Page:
Practical Proverbial, from Hebrews, 17 May 2017

And let us consider how we may spur one another on toward love and good deeds.  Hebrews 10, verse 24

I’m a project manager.  I manage a team of people working on a project to remove Social Security numbers from older peoples’ Medicare ID cards.  Because I work remotely, I’ve never physically met most of the people on my team (though I do know some from previous jobs).  It’s tough to get to know people you don’t see face to face, and that makes. even more sense because I’m the new kid on the block.  On a work team, you’re drawn together by the commonality of your tasks and the fact that you’re employed for the same reason by the same people.  Yet in a virtual work environment, you never see your co-workers or team members in person.  Unless you know your co-workers from previous interaction, you don’t have common ground.   That makes motivating a team difficult.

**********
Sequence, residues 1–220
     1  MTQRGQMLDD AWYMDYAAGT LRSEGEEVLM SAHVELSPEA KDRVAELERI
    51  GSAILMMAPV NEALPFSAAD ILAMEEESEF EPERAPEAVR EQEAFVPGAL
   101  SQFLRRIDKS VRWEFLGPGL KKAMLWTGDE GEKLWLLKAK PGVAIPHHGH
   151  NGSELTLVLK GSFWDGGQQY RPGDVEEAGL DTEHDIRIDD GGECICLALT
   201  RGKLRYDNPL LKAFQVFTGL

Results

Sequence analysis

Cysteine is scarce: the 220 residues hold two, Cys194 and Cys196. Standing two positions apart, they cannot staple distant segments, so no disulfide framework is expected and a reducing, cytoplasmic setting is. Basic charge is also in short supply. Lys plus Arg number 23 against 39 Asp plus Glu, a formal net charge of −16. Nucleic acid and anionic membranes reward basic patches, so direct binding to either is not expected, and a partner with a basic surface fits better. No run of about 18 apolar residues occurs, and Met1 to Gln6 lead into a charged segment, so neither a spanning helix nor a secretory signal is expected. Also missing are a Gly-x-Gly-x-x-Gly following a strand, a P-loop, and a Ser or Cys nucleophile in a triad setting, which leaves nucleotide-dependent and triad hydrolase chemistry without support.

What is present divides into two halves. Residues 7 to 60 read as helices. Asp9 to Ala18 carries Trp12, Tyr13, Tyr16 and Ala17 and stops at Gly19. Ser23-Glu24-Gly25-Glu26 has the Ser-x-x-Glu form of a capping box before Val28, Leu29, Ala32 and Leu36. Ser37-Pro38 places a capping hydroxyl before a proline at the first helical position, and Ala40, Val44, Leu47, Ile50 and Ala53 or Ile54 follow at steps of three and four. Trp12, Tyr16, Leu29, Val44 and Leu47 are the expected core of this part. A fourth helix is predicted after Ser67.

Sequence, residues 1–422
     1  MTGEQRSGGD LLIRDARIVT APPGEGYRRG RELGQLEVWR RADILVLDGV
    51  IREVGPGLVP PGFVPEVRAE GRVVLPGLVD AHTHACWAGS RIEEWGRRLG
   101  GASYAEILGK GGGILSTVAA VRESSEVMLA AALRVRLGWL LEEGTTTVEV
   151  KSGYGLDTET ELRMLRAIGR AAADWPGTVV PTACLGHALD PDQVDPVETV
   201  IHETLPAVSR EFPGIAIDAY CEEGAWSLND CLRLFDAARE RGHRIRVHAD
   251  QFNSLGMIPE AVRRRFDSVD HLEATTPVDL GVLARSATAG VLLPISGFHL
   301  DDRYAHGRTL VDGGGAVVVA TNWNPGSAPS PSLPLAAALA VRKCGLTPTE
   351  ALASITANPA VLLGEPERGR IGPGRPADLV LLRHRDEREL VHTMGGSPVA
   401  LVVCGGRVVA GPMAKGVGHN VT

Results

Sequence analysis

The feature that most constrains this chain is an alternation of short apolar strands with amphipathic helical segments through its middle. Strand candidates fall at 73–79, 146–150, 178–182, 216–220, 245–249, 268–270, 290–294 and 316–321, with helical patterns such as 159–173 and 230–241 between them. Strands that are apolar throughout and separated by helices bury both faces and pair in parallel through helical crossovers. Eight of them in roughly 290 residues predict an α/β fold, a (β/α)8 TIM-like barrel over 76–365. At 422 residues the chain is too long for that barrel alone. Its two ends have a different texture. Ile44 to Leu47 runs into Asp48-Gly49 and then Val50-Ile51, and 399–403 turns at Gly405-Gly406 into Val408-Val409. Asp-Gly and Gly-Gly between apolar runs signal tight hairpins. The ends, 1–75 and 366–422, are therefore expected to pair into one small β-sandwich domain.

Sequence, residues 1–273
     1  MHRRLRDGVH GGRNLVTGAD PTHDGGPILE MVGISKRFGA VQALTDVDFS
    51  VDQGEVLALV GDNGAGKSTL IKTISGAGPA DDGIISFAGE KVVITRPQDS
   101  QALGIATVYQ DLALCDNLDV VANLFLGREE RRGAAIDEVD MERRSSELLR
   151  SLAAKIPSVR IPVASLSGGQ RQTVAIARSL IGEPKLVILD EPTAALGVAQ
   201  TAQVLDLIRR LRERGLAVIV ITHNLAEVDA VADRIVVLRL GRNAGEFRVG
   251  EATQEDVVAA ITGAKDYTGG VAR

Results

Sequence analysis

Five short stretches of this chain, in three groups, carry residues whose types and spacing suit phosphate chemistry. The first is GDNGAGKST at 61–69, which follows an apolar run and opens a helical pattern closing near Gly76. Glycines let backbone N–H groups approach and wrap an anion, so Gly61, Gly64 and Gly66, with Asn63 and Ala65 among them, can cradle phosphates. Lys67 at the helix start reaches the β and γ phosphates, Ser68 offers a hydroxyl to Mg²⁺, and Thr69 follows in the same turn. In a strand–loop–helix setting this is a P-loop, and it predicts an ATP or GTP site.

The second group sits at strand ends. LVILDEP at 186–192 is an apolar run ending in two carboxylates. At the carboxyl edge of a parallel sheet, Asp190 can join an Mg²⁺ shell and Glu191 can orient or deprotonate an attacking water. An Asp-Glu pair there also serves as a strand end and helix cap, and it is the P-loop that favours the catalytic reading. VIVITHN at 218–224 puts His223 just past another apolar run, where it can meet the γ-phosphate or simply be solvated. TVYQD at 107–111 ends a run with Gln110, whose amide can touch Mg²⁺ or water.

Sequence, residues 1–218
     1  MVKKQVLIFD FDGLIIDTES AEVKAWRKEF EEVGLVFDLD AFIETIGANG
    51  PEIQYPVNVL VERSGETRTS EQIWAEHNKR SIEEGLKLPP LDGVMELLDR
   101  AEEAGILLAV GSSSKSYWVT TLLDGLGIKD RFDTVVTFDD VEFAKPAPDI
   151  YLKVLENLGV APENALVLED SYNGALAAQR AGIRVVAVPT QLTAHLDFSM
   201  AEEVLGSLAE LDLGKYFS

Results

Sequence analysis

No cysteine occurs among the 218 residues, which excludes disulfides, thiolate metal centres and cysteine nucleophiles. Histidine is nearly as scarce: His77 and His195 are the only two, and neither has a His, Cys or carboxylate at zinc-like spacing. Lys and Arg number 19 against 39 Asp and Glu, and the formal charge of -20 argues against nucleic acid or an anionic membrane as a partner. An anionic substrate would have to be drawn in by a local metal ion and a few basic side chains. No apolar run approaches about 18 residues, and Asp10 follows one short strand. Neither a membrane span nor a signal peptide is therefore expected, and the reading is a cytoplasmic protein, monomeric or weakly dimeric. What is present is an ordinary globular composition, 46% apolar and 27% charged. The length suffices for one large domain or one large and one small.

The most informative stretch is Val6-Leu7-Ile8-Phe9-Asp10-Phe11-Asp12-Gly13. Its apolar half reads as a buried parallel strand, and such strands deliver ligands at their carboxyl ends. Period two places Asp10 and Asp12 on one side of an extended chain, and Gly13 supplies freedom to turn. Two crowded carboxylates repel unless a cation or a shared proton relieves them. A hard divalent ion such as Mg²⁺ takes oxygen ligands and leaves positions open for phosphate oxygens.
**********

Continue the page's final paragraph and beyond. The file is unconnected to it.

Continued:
So Hebrews 10, verse 24 is perhaps some of the best project management advice ever written, especially for virtual teams.

“Let us consider” is a call to friendly action.   Notice that it doesn’t say “do this” or “you will.”   It isn’t directive in nature and yet it places the reader in a position as if they had been directed.   “Let us consider” are three words that are swung as a velvet hammer.   They don’t force you to do anything yet place the burden of inaction squarely on you and you alone.   They ask you to do something without commanding you to do something.   They appeal to your reason and your sense of belonging.  That shouldn’t be surprising because that’s usually how Jesus operates.

“Spur” (according to means “anything that goads, impels, or urges, as to action, speed, or achievement.”  The King James version of Hebrews uses the word “provoke” but no matter what version is used to translate the word, the intention is clearly to convince others to move.   A manager spends most of his time doing just this.   A good manager will do it in such a way as to inspire you to act on your own to do your part in a larger mission.   As managers, we spend most of our time spurring people forward to support the tasks we oversee.   As followers of Jesus, we should be spending most of our time doing the same thing, and the task with which we’re charged is sharing the Gospel.